for a minister there is In that city
at the present time, and in" accepting
the call, Mr. Caider will go Into a
much wider field of labor.
During bis connection with the
First^ Baptist Church of 1 this city
which, has been a little more tjhan
five years, Rev; Mr. Caider. has been
a most faithful pastor, and has sueceedd
in bulldlnga up the membership
to quite an extent. He has not only
the warmest feeling of friendship toward
him among his own 'congregation',
but has an extensive circle of
friends among the people in general, in
the city.
In point of years In service In the
city as a pastor.- he Is next to the
sldeat, Rev. S. Scollay Moore, or
lYInlty Episcopal church having been
In the work, here before Rev. Mr.
Gender came to- Parkeraburg. It
oiltl' i,a with Sppn pGcret on the nart
of many In the city, that they will
see Rev. Mr. Calder depart for another
field of labor,' but he will go
with the best wishes of all for his success.
,
\ 1 ' f '
The local church will no doubt take
some steps at once, to secure another
pastor, but it may be some few weeks
at. least before this can be accomplished.
ReV. Mr. Calder will take
up hiB new duties in Philadelphia the
first week In November.
T 1
The Truth of It.
Prom- -the Catholic Standard and
Times.
Blusters?I dare say 1 do look mad.
I understand Jigley says I'm-the worst,
liar-he ever saw;
Wiseman?Ob! what n gross libel!
Blusters?Of ctturse,. It Is.
.Wiseman?Well, I'should say. Why
[GUT, "FANTANA," TO-A
m
H
iff
B
/ is* /. . -. -', :r. .
i 5 - ' . * ;
New Epoch For I
Out Cdrtiinerce
FOREIGN TRADE PAS8ES THREE- V,
BILLION DOLLAR LINE?INTERESTING
FIGURE8
GIVEN.
V y.' ' "-I
WASHINGTON, Sept, 25.?The for- ?
elgn commerce of the United States LI
has crossed the $3,000,000,000 line. In a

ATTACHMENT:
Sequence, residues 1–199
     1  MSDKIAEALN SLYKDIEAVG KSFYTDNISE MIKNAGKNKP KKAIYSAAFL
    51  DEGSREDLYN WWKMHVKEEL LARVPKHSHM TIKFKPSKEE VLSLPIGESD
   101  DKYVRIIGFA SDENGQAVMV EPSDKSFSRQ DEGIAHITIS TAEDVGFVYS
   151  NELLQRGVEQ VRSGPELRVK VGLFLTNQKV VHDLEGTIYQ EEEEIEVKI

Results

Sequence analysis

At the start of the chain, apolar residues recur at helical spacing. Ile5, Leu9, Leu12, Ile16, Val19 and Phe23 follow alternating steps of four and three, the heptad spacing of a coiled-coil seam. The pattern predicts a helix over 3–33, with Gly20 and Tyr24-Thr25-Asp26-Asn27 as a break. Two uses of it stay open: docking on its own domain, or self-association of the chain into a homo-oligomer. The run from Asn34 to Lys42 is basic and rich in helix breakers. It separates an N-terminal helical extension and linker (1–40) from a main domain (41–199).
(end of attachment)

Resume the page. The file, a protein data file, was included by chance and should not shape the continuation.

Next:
the 12 months ending with August the a
Imports were'$1,254,309,735 and the i'
exports $1,759,417,898, a total for ,the Bl
12 months of $3,013,817,033. These li
figures are supplied by the Bureau of tl
Statistics of the Department of foin
merce and Labor, which in a bulletin t)
says in part: *
"The August .figures or bolli im- h
ports and exports exceeded those nf a
any preceding August in the history C
of our commerce. August in ports for >'
the first time crossed the $100,000.- b
000 in practlea\ly every month of the a.
last year, hut August Is usually a c
light month fpi imports, aa?l .finis, the e
record of more than $100,00'l.00o foi c
the month of Auenst is. made for the
first time in the figures of the n,onth fi
just ended, which show imports of w
$1D5,58S, 04, against $96,000,000 in An- *
gust of 1905, $88,000,000 in 1901.
"The export figures for Apgust are
also larger than those for any preceding
August, amounting to .$129,- q
454.TGO, against $118,000,000. In Au
gust, IU06, and tiu?,uuu,ouu in August i
1S04.
"The growth of commerce Is distrlb- g
uted through a large class of articles.
Meat and dairy products expo-ted g
amounted to $16/768,007, against $14,212,278
in August of last year and $11,- p